Ballot results and the next steps in the pay campaign
The result of our ballot for industrial action over pay was a 78.9% ‘yes’ vote for strike action and a 91.3% ‘yes’ vote for action short of a strike.
Although this result shows clear support for our campaign, as the turnout was 47.7% we have fallen just short of the statutory threshold of 50%. This means we cannot take industrial action.
The failure to reach the threshold for lawful industrial action is disappointing, but many areas of the union achieved fantastic results. The turnout overall was up 6% from the last ballot in 2018.
The data collected by our new digital technology, mainly the ballot app, shows that where branches reminded members to vote, face to face, the turnout was higher. This suggests that it is our workplace organisation that is instrumental in delivering the turnout.
The campaign continues
The national executive committee met this week to hold a full discussion on the ballot result and make decisions on the way forward.
The ballot result does not mean the end of our pay campaign. Civil servants deserve a pay rise and PCS is determined that the fight for pay justice will continue. We must continue to build our organisation in readiness for a further national ballot. We will be looking at areas where there was a low turnout and investigating how we can work to improve engagement in those areas.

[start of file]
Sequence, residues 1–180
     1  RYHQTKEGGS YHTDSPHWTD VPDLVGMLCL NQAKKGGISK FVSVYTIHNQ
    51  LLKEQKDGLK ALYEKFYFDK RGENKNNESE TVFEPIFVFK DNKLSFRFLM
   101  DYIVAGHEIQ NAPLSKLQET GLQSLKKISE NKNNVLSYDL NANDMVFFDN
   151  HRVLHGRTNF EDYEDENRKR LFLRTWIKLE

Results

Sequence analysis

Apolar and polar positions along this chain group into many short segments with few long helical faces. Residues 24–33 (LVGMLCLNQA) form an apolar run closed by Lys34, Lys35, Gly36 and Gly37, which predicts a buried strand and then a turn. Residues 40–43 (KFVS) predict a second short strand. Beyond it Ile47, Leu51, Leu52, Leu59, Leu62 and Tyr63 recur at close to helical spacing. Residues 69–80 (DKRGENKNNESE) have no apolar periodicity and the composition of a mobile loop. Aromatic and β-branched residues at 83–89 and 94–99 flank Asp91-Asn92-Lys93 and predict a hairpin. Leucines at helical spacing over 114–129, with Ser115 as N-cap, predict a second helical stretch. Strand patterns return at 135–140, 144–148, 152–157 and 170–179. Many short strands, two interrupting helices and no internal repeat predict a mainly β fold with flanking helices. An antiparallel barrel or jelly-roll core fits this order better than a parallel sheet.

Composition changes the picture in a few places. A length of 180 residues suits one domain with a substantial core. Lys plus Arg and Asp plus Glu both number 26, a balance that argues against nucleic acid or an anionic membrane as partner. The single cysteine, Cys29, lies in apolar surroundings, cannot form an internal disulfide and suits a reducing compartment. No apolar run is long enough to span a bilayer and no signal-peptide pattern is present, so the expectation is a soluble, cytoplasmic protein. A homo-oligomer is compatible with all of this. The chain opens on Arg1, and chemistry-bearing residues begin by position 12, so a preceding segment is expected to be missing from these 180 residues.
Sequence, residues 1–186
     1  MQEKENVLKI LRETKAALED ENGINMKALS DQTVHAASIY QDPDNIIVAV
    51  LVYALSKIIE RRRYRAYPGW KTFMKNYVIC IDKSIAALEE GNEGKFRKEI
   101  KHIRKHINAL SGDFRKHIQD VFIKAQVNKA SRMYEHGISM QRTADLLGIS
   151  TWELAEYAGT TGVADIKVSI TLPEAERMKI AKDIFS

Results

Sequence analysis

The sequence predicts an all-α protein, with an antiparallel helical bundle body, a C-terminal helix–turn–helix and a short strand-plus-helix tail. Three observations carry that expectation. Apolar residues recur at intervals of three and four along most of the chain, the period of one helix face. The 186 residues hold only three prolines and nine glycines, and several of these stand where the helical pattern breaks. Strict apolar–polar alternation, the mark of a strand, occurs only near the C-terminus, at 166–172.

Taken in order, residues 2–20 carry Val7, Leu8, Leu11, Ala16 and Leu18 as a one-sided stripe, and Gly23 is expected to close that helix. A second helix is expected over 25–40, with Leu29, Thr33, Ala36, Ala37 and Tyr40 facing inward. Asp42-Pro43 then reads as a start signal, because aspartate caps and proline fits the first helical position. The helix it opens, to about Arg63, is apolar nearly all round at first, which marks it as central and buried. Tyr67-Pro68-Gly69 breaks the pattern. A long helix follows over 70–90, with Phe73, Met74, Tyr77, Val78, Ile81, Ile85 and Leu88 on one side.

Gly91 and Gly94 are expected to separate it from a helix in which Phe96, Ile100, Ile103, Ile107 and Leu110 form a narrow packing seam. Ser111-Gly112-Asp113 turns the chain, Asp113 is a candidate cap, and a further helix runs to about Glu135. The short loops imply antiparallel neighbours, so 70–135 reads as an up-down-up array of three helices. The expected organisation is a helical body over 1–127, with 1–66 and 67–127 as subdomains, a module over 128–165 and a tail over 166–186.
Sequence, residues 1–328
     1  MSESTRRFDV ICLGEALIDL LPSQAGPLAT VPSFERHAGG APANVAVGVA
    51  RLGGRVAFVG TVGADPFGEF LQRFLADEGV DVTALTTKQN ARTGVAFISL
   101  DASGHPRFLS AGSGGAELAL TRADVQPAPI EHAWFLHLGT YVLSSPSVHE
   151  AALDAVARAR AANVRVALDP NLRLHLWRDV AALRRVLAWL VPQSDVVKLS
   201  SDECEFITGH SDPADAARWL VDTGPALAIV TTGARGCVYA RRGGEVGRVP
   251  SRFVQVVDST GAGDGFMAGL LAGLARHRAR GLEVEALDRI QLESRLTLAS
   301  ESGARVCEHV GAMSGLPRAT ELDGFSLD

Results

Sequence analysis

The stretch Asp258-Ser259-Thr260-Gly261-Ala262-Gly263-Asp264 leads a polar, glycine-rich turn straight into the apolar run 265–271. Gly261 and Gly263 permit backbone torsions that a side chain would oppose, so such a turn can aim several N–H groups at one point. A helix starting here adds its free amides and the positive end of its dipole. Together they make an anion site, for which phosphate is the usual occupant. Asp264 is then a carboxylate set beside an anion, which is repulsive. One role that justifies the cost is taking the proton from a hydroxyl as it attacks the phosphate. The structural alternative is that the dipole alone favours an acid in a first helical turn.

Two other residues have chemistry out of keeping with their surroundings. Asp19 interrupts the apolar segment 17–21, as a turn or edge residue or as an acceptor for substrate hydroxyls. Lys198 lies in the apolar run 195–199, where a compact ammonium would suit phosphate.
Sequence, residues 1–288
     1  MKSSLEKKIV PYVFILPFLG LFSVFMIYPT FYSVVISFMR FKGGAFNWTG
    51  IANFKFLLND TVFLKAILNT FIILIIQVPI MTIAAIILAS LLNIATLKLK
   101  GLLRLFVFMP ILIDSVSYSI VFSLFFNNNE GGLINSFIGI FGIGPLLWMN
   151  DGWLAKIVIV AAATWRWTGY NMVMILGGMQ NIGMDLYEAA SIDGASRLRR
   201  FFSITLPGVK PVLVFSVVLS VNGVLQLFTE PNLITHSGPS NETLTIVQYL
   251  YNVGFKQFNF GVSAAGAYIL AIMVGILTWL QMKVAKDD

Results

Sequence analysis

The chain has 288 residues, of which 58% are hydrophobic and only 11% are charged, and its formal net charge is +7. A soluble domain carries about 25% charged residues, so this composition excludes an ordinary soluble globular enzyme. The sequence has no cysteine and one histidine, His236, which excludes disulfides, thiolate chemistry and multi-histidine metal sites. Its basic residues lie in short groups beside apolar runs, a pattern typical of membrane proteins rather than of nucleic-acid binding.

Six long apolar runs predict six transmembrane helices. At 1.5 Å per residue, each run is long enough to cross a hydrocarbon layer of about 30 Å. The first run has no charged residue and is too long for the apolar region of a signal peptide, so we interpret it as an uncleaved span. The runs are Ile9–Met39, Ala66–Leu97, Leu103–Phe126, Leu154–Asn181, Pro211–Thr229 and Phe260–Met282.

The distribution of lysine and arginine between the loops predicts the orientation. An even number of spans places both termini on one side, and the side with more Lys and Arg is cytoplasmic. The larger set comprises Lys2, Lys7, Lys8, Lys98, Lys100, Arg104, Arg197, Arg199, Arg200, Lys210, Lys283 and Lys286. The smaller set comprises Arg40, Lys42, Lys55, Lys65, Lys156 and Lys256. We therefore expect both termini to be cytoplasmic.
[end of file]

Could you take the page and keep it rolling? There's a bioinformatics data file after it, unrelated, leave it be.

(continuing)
We will continue to press the government to provide more money for pay which does not involve cuts to terms and conditions.
We will write again to the Head of the Civil Service, Sir Mark Sedwill, advising him of the strength of feeling among members and demanding discussions on pay.
We will look at what individual departments can achieve, particularly in areas that did get above a 50% turnout in the latest ballot.
At our national conference later this month, delegates will debate a motion on the way forward for the pay campaign. The motion includes instructions for the national executive committee to campaign for the repeal of the UK’s anti-trade union laws, to lobby politicians to intervene to break the pay cap and to support industrial campaigns (including strike action) over pay at delegated levels. The motion also commits the NEC to hold a further statutory ballot for industrial action over pay at the earliest appropriate time.